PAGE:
A limited liability company (LLC) is a common type of business structure that combines features of both a corporation and a partnership. The states, and not the federal government, have general jurisdiction over LLCs and other entities. Thus, the requirements for forming it vary depending on where you are planning to operate. To find the exact requirements , visit the website of your state's agency that regulates businesses, typically the Secretary of State.
This type of company is a kind of hybrid between a corporation and a partnership. Like a corporation, it provides its owners, referred to as members, with personal liability protection in the event the business owes any debts or is involved in litigation. This means that a creditor cannot sue a member to recover debts owed by the company.
Similar to a partnership, LLCs offer greater flexibility to members when it comes to management and other related formalities. There is no requirement to have a board of directors or hold regular member meetings. These entities can also have an unlimited number of members or, alternatively, a single-member business is equally valid.
When it comes to taxation, the Internal Revenue Service (IRS) gives this type of entity the option of being taxed as a corporation or as a partnership, giving its members the flexibility to decide what works best for their particular situation. All of these reasons make forming an LLC an attractive option to entrepreneurs just starting their business.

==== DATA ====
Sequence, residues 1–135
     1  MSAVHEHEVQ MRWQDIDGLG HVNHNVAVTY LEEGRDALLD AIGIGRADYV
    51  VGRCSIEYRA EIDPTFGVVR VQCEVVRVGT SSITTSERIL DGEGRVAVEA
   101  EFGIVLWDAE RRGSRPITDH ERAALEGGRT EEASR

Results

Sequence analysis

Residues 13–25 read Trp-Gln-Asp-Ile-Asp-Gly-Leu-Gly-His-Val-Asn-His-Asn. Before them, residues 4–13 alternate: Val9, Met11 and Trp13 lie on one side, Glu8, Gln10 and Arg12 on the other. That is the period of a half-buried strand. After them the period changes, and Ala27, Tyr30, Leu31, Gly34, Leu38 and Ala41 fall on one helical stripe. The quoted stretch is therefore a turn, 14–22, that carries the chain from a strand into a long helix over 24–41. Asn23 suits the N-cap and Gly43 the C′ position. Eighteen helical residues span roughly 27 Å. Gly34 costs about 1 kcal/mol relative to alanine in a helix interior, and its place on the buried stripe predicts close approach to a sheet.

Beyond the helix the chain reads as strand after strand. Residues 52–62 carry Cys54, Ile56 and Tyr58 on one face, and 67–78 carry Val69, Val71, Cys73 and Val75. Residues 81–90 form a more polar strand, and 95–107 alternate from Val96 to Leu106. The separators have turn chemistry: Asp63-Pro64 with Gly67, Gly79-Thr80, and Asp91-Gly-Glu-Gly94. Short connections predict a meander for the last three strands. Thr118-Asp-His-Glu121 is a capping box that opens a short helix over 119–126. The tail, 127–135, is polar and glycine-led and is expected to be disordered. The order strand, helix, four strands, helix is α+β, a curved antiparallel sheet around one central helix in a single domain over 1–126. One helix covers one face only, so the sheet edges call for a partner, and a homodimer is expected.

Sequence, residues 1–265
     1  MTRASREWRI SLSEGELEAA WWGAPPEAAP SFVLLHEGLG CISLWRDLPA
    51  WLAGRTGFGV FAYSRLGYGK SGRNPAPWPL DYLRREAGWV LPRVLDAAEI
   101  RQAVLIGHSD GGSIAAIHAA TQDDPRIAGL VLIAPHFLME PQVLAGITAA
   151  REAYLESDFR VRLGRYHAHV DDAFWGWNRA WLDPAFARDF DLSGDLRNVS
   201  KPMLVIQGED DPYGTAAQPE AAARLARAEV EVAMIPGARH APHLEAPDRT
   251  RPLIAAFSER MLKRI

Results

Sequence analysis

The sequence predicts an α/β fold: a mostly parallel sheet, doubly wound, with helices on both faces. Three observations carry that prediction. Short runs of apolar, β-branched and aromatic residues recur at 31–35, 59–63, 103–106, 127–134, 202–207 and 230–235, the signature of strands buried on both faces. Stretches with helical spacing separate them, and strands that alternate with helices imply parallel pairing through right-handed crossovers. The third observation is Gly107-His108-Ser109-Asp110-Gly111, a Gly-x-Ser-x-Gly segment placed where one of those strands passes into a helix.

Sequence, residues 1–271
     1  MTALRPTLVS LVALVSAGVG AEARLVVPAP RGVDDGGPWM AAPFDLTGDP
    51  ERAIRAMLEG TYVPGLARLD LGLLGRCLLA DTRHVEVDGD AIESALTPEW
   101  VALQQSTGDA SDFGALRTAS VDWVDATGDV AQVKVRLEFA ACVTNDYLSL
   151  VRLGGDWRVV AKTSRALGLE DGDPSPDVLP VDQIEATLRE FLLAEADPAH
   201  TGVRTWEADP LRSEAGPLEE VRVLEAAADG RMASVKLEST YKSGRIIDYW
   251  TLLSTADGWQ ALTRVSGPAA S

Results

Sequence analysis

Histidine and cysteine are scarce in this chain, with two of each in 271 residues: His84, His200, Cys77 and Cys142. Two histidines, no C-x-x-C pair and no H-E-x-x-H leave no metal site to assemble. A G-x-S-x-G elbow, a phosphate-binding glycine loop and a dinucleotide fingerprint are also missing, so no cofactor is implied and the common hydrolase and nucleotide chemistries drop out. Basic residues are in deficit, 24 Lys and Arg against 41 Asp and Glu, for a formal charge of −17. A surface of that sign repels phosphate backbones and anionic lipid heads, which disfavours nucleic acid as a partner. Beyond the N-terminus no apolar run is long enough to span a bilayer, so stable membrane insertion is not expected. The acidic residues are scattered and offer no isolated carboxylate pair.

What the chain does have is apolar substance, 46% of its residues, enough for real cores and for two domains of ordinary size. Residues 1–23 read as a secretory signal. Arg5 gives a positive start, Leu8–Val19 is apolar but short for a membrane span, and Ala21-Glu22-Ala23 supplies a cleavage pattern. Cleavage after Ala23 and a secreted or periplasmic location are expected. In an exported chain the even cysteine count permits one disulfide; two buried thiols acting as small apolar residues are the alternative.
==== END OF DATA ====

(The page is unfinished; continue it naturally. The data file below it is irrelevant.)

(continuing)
Articles of Organization and Operating Agreement
An LLC does not become a legally recognized entity until it files its articles of organization, or equivalent document, with the state. The articles are essentially the company's registration form. It includes basic information, including the company's name, purpose, member names, and how it will be managed. Many states provide a standard form you can fill out in a matter of minutes. States typically charge a filing fee when filing this document.
While states typically do not require an operating agreement, it is a good idea to have one. This agreement is similar to a corporation's bylaws and establishes the responsibilities of each member. It often prescribes the procedures for conducting formal business matters as well as how it will be managed. A court considers an operating agreement as a legally, binding agreement. If, however, an agreement doesn't exist, the company must defer to the state's applicable default laws.
Obtaining an Employer Identification Number
Every entity must obtain an employer identification number (EIN) for federal tax purposes. The EIN is a unique number that allows the IRS to identify your business. In addition, most banks require them to have one before they can open a bank account or obtain a loan of any kind.
If you are considering forming a limited liability company, you can easily do so by following your state's relevant laws. Whether you are going to operate as the sole owner, or share ownership responsibilities with other members, ensure that you follow the required steps when forming your LLC.
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